How to Change Keys by Switching Tonics on the Guitar - dummies

By Desi Serna

You may think of music on the guitar as having a main chord called the tonic, as well as a parent scale that the tonic and the rest of the chord progression are drawn from. However in many songs the tonic changes at some point, and sometimes the parent scale changes too.

Technically, a key change is a change from one tonic or tonal center to another. This may or may not also include a change in key signature on a written score. So when you come across a chord that doesn’t fit into the same key as the other chords it’s played with, you need to look elsewhere to figure out where it comes from.

Note: The use of modal interchange and borrowed chords usually revolves around a consistent tonic, so these types of techniques aren’t considered key changes in the classic sense, though they do employ the use of other scales.

The first type of key change that you play is one where the tonic changes but the parent major scale stays the same. A perfect example of this is when a song switches between being centered on the relative major and being centered on the relative minor, though songs can switch between other scale degrees, too.

Basics of switching between relative major and minor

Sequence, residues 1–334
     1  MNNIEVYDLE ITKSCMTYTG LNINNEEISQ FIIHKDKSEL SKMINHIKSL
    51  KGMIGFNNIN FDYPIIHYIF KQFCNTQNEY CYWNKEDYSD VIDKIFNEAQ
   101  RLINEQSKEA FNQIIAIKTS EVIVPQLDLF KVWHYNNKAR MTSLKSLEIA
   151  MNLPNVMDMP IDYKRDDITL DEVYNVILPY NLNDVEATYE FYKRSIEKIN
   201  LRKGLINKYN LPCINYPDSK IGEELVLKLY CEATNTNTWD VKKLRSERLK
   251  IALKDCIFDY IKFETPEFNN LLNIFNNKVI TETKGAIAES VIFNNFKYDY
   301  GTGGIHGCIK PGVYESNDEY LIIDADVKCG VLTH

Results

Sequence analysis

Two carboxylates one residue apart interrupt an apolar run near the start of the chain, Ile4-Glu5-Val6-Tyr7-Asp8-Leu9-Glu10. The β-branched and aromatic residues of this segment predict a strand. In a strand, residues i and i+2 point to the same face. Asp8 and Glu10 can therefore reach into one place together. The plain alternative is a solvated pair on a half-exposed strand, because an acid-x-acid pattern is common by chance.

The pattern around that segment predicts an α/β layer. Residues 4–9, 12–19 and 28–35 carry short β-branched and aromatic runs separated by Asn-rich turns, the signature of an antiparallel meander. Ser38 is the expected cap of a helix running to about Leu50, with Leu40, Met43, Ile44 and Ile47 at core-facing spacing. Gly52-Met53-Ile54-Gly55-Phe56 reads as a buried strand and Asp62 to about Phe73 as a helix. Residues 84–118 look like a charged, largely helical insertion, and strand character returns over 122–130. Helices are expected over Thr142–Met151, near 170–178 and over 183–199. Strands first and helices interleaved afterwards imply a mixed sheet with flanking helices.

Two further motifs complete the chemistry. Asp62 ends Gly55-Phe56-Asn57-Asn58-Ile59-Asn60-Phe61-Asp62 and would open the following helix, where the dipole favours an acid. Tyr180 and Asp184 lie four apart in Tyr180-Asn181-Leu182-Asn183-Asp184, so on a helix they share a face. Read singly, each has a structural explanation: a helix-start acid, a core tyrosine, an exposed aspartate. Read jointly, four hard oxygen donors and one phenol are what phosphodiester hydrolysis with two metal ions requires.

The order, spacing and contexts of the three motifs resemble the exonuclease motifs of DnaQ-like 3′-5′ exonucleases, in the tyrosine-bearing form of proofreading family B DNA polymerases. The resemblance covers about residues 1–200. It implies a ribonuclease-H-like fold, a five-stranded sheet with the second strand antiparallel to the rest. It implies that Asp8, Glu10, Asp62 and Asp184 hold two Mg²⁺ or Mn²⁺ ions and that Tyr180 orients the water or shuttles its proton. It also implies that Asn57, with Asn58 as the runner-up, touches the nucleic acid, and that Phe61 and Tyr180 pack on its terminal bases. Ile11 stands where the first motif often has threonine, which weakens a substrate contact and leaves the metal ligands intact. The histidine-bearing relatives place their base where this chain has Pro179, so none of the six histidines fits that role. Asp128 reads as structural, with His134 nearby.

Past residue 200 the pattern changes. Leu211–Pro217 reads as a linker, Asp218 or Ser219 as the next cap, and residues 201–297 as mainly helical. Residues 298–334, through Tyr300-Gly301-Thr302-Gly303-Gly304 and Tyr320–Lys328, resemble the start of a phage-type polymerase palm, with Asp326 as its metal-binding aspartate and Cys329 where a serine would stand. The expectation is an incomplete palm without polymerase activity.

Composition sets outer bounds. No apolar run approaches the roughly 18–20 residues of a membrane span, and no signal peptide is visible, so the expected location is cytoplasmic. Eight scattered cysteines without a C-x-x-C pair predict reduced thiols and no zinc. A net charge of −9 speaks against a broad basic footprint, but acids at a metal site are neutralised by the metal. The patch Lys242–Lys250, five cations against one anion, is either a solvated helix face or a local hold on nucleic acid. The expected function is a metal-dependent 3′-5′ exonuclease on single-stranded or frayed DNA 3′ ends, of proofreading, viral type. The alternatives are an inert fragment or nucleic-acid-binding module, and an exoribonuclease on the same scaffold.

Here is a series of changes that first center on an Am chord and then switch to the relative major, C. Here, the Am is chord vi from the C major scale and the C chord is I.

[Credit: Illustration courtesy of Desi Serna]
Credit: Illustration courtesy of Desi Serna

“Mr. Jones” by Counting Crows switches in a manner similar to this. It starts out centered on the vi chord, Am, in the C major scale but switches to the I chord, C, at the chorus. U2’s “Staring at the Sun” also switches from Am to C from verse to chorus. “D’yer Mak’er” by Led Zeppelin does the opposite, starting out on C then switching to Am during the chorus.

Basics of switching between other scale degrees

Sometimes a song switches between scale degrees other than the relative major and minor. For example, “Landslide” by Fleetwood Mac, which is played with a capo at the 3rd fret, using G major chord shapes, first focuses on the IV chord (an open C chord shape) before later settling on the I chord (an open G chord shape).

The modulation in “Landslide” is a change from Lydian to Ionian. You hear the same type of change from IV to I in various scales in “Just Remember I Love You” by Firefall, “Here Comes my Girl” by Tom Petty, “Man on the Moon” by R.E.M., “Hey Jealousy” by Gin Blossoms, and “Space Oddity” by David Bowie.